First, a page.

By Leandro DD Coronel
Isn’t President Duterte’s statement about continuing his so-called war on drugs until the last day of his term an admission that it’s a war that he can’t win?
Whatever happened to this boast to lick the drug problem in six months? (His drug war was wrong from the start. Why kill users instead of interdicting the supply? Stop the supply and there will be nothing to deal, push, or use.)
It wasn’t the only boast that came out of Mr. Duterte’s mouth. The Abu Sayyaf and the Maute terror group will be destroyed in one week. He will ride a jet ski to plant the Philippine flag on Scarborough Shoal to defy China.
He will burn down the United Nations headquarters in New York City. The same thing with the European Union.
I said in the last column that Duterte is impulsive (which his supporters mistake for decisiveness). He reacts without thinking to questions or statements that annoy him. In Tagalog, he’s pikon, reacting petulantly to what he perceives as slights or challenges to his authority or machismo.
Duterte claims that advice-givers shouldn’t do it openly because that embarrasses him. But he has to learn how to deflect statements voiced openly by different personalities. He’s a politician and he should be used to political give-and-take, that’s a trademark of a democracy.
When his self-announced deadline of six months to tame the drug menace was up, a reporter asked him about his pledge. He didn’t like being questioned and it was then that he said his war on drugs will continue until the last day of his term. He was being impulsive too when he vowed not to talk to media anymore until the end of his term.
Talk among political observers is that most Filipinos are keeping quiet to give Duterte the benefit of the doubt about making good on his boasts. But the same observers opine that in two years’ time (or less) if he doesn’t deliver on his pledges, the people will start getting impatient.
Mr. Duterte has projected himself as a politician who keeps his promises, that he does what he says. Sixteen million people believed him and made him president, although a minority one, garnering only 38 percent of the vote.
Filipinos are giving Duterte time. But more and more, as time goes by, the people will be asking for results. Pressure will start to mount on Duterte to produce results.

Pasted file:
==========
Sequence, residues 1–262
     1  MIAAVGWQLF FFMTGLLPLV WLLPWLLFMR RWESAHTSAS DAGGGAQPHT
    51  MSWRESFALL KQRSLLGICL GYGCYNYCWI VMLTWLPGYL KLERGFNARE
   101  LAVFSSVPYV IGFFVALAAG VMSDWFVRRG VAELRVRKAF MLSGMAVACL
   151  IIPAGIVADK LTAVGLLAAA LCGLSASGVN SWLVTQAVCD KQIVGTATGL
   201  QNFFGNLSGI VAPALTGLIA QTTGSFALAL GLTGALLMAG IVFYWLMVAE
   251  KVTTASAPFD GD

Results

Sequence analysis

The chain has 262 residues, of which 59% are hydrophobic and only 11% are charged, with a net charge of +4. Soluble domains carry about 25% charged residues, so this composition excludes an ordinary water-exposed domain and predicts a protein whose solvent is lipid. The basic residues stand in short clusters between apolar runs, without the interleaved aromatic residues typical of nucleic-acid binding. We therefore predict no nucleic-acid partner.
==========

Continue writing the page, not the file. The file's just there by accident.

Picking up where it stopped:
The pressure is self-inflicted. His boasts to deliver in six months is very vivid in people’s minds. He has asked for more time and the people, by their silence, have allowed him more time. But his time is not unlimited.
Those who like him may be more forgiving. They may not be too vocal if he fails to deliver.
But those who never really took to liking him because of his boastful and crude style will be more demanding. Even at this early stage, many people on social media are already finding him wanting in many ways. The pressure will build up as the months pass.
Mr. Duterte has put a lot of pressure on himself by boasting that he could accomplish several things in a short time. Gullible people voted for him. But can he deliver in the coming months?
If he doesn’t, how will the people react?
New book on Agribusiness. The prolific writer, Prof. Rolando T. Dy of the University of Asia and the Pacific, has just published the book, “Agribusiness and Rural Progress/Actions for Poverty Reduction.” The book proposes initiatives and actions that address rural poverty in the Philippines by enhancing the role of agribusiness in economic development.
Professor Dy is an acknowledged expert in agribusiness, with an extensive body of work on that important sector. His advocacy centers on improving the lives of Filipino farmers.
He is the executive director of the UA&P’s Center for Food and Agri Business and former Dean of the School of Management.
Orders for “Agribusiness and Rural Progress” may be emailed to firstname.lastname@example.org. The writer of the Ergo column edited the book.